Hibbard's - CSPM


To enter Hibbard’s before the “grand old lady of Tejon Street” closed in 1996 was to travel back in time. A pneumatic tube system and bird cage elevator still operated. For many years it was “the” place to buy Scout uniforms. The Hibbard Family moved to Colorado Springs for health reasons. In 1892, Cassius Hibbard and his mother Mrs. P. Inscho opened a millinery and notions store. The business expanded into a five-story red brick building in 1914, employing over 100 workers, including many young women.

– From the CSPM Curator of History

New York native Cassius Ayers Hibbard opened C.A. Hibbard and Co., a dry goods store at 17 South Tejon in 1892. It was a prosperous, optimistic time in the city’s history, thanks in part to the Cripple Creek gold rush. By 1894, there were seven stores selling “dry goods and notions” on S. Tejon between Pikes Peak and Huerfano (now Colorado), as well as one around the corner on Pikes Peak.

Judging by advertisements in the 1894 Colorado Springs City Directory, Giddings Brothers may have led the pack. Located next door to Hibbard’s at 21 S. Tejon, the firm seems to have been aggressive and agile. One ad trumpeted “The most complete line of underwear and hosiery in the city.”

Yet Hibbard must have been just as aggressive and agile. Thirty-five years later, Hibbard’s and Giddings were the only local survivors, but completion was still intense. Mom & Pop Dry Goods stores had been replaced by well-capitalized department stores in spacious downtown buildings. J.C. Penney had a store at 19 N. Tejon, Kaufman’s was at 114 S. Tejon, and Giddings had opened a “Modern Department Store” at 101 N. Tejon.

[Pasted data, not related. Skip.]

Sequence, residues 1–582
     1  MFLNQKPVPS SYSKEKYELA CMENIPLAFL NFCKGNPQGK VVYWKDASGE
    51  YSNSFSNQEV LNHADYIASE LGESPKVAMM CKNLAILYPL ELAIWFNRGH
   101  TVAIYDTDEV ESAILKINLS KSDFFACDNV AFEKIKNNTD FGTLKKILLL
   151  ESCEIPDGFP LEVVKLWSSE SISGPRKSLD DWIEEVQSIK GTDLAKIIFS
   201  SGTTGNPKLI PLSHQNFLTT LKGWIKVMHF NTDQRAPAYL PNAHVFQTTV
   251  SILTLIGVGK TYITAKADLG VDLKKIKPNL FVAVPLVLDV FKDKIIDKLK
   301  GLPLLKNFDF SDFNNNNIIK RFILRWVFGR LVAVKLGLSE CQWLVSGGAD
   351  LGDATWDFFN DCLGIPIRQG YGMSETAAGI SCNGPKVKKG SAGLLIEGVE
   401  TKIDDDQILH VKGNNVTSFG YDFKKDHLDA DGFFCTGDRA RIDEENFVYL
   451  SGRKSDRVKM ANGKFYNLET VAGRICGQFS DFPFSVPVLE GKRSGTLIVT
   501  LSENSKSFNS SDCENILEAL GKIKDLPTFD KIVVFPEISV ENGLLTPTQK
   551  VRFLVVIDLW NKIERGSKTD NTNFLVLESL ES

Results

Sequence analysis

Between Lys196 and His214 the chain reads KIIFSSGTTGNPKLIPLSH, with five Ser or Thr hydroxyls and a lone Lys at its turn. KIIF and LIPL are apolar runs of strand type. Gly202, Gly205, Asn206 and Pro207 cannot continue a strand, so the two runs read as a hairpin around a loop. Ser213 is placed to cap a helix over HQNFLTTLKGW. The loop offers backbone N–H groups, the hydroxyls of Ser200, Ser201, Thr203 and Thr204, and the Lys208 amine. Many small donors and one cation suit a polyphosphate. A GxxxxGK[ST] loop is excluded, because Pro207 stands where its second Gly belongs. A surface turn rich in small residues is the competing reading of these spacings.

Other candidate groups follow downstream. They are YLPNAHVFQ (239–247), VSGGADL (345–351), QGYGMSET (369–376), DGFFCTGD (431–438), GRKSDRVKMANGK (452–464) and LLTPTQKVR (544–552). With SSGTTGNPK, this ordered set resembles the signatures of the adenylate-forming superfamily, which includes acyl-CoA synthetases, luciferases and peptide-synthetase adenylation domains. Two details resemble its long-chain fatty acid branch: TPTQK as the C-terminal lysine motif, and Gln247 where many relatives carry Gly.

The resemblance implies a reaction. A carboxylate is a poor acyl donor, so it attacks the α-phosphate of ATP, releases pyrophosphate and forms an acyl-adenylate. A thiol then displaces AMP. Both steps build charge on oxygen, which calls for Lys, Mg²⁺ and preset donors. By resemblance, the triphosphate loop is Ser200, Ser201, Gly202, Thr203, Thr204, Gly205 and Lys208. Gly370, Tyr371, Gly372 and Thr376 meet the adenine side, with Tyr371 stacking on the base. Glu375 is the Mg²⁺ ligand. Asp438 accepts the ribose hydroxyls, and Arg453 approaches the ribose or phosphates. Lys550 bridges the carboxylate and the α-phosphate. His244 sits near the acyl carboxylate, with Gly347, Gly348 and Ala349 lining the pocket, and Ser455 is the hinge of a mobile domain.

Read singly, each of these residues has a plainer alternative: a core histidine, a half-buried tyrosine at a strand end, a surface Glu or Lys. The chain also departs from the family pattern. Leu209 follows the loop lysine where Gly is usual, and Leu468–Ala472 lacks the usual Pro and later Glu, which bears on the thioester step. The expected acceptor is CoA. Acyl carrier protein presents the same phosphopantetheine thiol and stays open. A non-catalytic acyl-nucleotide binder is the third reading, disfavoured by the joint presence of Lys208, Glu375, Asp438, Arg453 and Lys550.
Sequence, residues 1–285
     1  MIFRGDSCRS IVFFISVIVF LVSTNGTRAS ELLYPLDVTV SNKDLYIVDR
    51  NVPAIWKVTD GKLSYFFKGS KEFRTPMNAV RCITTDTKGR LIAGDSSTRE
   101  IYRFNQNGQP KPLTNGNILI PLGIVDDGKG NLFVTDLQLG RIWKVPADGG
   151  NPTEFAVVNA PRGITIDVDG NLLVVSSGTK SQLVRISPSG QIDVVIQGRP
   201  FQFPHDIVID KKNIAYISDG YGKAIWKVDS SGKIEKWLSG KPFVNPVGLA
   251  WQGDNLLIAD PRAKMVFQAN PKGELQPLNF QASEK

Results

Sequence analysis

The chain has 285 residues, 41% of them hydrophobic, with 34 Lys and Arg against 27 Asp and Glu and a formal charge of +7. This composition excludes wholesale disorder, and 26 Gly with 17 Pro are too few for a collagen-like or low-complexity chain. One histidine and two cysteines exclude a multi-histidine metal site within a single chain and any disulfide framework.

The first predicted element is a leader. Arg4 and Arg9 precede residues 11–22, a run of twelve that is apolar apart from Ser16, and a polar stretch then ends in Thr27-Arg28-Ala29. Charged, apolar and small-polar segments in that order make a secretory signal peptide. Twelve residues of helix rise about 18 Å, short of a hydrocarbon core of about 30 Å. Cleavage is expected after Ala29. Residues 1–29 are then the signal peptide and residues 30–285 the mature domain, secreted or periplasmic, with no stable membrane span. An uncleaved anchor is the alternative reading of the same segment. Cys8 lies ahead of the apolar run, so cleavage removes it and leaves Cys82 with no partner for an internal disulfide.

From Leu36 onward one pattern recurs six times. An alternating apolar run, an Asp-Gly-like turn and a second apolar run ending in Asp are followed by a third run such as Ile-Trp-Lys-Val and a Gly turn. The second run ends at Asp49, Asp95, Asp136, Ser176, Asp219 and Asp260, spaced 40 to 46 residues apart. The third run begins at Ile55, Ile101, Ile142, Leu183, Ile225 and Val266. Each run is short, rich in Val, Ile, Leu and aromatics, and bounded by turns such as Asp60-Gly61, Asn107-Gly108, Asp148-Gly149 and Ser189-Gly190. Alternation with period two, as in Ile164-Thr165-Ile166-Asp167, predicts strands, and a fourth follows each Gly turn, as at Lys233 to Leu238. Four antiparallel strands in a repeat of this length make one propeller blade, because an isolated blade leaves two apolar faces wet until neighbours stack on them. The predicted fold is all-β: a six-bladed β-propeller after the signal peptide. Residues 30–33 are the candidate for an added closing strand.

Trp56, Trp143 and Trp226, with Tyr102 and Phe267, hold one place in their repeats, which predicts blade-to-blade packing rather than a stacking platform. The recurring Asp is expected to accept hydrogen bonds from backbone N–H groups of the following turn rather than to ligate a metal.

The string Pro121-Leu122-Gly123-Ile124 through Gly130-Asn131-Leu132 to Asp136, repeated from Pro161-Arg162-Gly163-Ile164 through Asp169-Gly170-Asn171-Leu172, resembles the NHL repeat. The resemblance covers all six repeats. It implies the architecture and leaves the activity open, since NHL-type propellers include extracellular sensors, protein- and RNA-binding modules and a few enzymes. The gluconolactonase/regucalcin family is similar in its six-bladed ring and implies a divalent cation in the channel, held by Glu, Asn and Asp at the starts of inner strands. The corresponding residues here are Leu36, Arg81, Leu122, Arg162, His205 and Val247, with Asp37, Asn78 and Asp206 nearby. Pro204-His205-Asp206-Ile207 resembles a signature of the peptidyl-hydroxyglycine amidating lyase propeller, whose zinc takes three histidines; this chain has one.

But C.A. Hibbard’s 1924 building was a retail paradise, five stories of great stuff for sale – dry goods, clothing, cosmetics and furniture, as well as “notions” (needles, thread, wool, collar stays and the like). Designed by prominent Springs architect Thomas Barber, the once ultra-modern building slowly morphed into a treasured historic structure. As its downtown competitors closed or moved to the suburbs, Hibbard’s hung on valiantly until the late Ralph Hibbard finally bowed to the inevitable and closed the store in 1996. By then it was the last independent department store in Colorado. The building still stands, housing a restaurant on the ground level and offices in the upper floors.

Many longtime residents have fond memories of the noble old store. The pneumatic tubes, the oak display cases, the birdcage elevators, the ageless ladies who worked as sales clerks…alas, all gone.

Hibbard’s wasn’t just another retail business, though. It was a multigenerational local endeavor, a family project launched by C.A. Hibbard, and passed on to his descendants. And just as the store supported hard-working family members for 104 years, the family gave back and helped anchor our community. A retail dynasty? Yup, and they’re not finished.

Ralph’s daughter Carrie Hibbard Baker became the co-owner of Terra Verde, an upscale women’s clothing store at 208 N. Tejon in January. Not the best timing perhaps, but she certainly has the right DNA for the job!

Generously Submitted by John Hazlehurst, CSBJ Columnist & Historian

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